It’s the End of the World and I feel…Fine?

Here we are, Folks! We made it! It’s the new world order exactly as we imagined it!

Were we right? Did we win?

OY. I’ve been sequestered in place for the past week and a half, working from home and trying to understand the best way to be human while moving forward through this very confusing time.

I haven’t been writing. I haven’t really been playing. It makes me worried sometimes. Other times I feel relieved and sip another martini.

I’m one of the lucky ones. Privileged and secure with my ongoing responsibilities of a day job that hasn’t been closed or canceled. But only 3 months ago, I wasn’t.

Up until February I was a musician struggling to get by in a local gig economy that was already stacked against us. San Francisco is a hard place to make a musical living. I guess anywhere is. With the recent passing and ensuing panic around AB5, coupled with the closing of local venues that had been around for years, musicians and independent artists started leaving the state of California in droves. Nashville, New Orleans, Austin…anywhere people still left their houses to see live shows had more hope than home did.

I wasn’t ready to say goodbye yet, though I had been planning to for years. There was still something here for me. Community, collaboration, friends, family. My partner. The Redwoods. The ocean.

But I was losing money and living in my parents spare room and I was 39. I was too old for this shit. Still, I was privileged to have what I had.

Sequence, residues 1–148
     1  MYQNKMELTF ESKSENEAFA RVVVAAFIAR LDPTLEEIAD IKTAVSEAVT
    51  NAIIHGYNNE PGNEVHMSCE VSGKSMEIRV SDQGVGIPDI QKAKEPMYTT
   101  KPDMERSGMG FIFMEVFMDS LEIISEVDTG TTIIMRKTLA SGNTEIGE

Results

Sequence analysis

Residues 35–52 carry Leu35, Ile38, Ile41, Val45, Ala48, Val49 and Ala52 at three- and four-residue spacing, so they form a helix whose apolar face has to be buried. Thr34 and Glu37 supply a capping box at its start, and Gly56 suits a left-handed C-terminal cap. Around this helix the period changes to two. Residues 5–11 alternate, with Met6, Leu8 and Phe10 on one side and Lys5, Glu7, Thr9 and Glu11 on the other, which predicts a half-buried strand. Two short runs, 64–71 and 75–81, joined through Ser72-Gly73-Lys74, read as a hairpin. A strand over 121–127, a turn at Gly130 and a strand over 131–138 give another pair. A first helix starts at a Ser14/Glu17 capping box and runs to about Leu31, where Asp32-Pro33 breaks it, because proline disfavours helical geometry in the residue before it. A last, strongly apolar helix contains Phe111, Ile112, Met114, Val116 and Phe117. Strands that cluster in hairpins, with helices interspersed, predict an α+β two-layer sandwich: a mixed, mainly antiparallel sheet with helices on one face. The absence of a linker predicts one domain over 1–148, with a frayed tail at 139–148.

So I seized an opportunity to jump back into a day job at a company I am proud to be a part of. It does its best to do the right thing by everyone, and that is the best I can hope for. Just like Gillian Welch sings “Never minded working hard, it was who I’m workin’ for.”

I was also privileged to have had that opportunity offered to me at just the right time. Skin-of-my-teeth time.

As lucky as I am, I can’t help feeling a bit like a defector. I couldn’t hack it in music. I just couldn’t hang. And still, my privilege sways in my face every day and all I can do is accept it and support my people as best I can.

If I was disheartened by the way our artistic communities were treated then, I am only held afloat by the remarkable resilience they have shown in the face of all of it. They keep fighting with technology and community and optimism and lean upon the online awareness they have built and maintain and it is breathtaking. I’m so proud to know them.

The service industry is another sore sight for me. The bars, restaurants, mom and pop shops that are unique to the Bay Area have shut and those who relied on what little they were making in that sector are out of jobs. A lot of them. Thousands. And there is so little available to them in the meantime.

My plan for now is to sit quietly, do my job, not force the creative energy when it’s not here, send my dollars to those churning out their souls on Facebook live, Zoom, Bandcamp (100% goes to music makers so go buy music!), and whatever other social media magic is going to come out of this.

Thank you for all of your support. There will be more music from me so stay tuned. Until then, stay safe, stay sane, wash your hands, don’t touch your face, and keep 6 feet away from anyone you pass on your daily excursions. Here’s a sweet snip from two of my local favorite creators.

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